Tuesday, December 10, 2013

Robert A Heinlein's "Double Star" (novel, politics): When an imposter became the ruler

Cover of the novel Double Star by Robert A HeinleinThis is a fast paced action story with a lot of election politics. I didn't like it as much as I wanted to because at some places the world view is too provincially Western; the thing that irritated me most was a small passage on the classification of world's languages - confidently told & totally bogus.

Story summary.

Here is a solar Empire spanning many worlds, dominated by humans though there are aliens on other worlds. It's a monarchy similar to British one - emperor is supreme but is a rubberstamp, & sits in a city on the moon. The parliament has the power & is elected; aliens can vote but must choose a human representative. Head of government is the "Supreme Minister", probably majority leader in Parliament.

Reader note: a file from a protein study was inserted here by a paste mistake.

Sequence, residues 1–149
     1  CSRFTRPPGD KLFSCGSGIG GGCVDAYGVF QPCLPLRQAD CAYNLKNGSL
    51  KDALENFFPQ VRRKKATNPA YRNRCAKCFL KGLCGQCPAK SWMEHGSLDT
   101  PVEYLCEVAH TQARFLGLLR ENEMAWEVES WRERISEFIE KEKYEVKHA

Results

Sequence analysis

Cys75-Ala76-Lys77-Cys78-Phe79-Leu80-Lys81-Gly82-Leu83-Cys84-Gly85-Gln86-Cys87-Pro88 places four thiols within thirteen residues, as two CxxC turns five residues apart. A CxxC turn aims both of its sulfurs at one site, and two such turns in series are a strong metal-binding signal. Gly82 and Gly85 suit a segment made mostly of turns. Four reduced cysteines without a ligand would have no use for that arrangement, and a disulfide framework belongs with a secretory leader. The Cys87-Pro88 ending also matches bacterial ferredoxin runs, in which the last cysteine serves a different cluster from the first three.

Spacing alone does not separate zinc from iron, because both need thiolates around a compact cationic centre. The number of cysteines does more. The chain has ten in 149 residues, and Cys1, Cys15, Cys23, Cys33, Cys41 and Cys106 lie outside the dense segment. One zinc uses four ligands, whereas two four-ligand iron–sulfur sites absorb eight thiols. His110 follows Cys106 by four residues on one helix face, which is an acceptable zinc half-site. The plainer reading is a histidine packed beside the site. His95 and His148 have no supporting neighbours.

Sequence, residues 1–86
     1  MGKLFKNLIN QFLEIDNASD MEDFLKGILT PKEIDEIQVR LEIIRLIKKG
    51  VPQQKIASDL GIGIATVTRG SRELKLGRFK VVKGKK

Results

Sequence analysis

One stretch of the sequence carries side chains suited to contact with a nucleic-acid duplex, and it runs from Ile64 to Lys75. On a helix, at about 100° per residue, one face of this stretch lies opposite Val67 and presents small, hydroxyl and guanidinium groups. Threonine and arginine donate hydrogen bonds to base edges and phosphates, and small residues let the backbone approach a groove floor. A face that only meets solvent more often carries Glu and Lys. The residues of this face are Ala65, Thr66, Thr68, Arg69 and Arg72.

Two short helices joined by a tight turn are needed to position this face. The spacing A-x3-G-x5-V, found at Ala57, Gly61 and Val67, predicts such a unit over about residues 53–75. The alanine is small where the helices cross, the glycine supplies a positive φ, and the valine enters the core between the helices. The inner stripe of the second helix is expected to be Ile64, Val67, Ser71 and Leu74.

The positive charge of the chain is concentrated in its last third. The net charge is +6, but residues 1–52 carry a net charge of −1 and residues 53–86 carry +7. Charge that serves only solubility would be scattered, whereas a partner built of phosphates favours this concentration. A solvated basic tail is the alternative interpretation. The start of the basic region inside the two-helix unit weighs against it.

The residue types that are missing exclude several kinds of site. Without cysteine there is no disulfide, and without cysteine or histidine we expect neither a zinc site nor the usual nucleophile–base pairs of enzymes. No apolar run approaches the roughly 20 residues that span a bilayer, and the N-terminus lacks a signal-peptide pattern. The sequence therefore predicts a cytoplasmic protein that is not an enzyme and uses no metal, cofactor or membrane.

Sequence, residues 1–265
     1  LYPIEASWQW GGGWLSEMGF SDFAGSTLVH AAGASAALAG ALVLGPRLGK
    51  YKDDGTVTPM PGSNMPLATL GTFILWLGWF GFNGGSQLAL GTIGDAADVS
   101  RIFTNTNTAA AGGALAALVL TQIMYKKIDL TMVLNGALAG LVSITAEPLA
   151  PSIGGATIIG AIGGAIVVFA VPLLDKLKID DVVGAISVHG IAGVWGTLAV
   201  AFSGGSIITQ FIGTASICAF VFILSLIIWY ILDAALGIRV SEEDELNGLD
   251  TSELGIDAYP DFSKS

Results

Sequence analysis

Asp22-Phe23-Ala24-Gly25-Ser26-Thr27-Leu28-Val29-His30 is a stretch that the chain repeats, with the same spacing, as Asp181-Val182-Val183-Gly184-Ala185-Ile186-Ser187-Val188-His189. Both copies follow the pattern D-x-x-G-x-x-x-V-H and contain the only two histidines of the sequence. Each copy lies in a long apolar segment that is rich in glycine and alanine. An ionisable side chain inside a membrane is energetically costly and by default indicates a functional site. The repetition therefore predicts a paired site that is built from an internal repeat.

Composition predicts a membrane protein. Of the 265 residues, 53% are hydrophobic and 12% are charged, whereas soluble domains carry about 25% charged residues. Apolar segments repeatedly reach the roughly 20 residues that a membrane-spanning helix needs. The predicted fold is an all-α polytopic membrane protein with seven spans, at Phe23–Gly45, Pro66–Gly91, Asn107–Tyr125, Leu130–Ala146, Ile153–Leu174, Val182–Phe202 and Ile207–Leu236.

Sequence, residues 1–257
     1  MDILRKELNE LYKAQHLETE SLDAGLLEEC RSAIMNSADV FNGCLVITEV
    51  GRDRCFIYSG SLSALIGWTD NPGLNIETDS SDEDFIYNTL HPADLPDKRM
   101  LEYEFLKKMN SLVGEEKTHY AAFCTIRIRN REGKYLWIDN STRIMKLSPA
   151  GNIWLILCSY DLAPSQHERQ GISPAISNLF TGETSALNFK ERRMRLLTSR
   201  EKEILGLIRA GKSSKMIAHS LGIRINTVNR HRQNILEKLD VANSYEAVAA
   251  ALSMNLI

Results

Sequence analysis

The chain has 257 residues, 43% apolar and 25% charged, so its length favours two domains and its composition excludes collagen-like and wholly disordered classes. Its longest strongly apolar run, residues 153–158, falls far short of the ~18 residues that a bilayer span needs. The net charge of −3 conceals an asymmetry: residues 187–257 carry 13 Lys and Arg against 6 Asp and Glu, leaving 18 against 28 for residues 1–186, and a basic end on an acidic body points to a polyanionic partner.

Current ruling party has arranged the kidnapping of the leader of opposition at a time where he's absolutely required to be present at a Martian ceremony. So his underlings will recruit an actor, Lawrence Smith aka Lorenzo Smythe, to act as an imposter at the function. One thing will lead to another & new situations will keep coming up & the imposter will end up becoming the politician he's impersonating.

The story is, first & foremost, the character study of this actor, & evolution of his personality.

Fact sheet.

First published: Astounding, Feb/Mar/Apr 1956.
Rating: A.
Among the stories from Astounding/Analog issues edited by John Campbell.
Winner of Hugo Award 1957 in novel category.
Related: Stories of Robert Heinlein.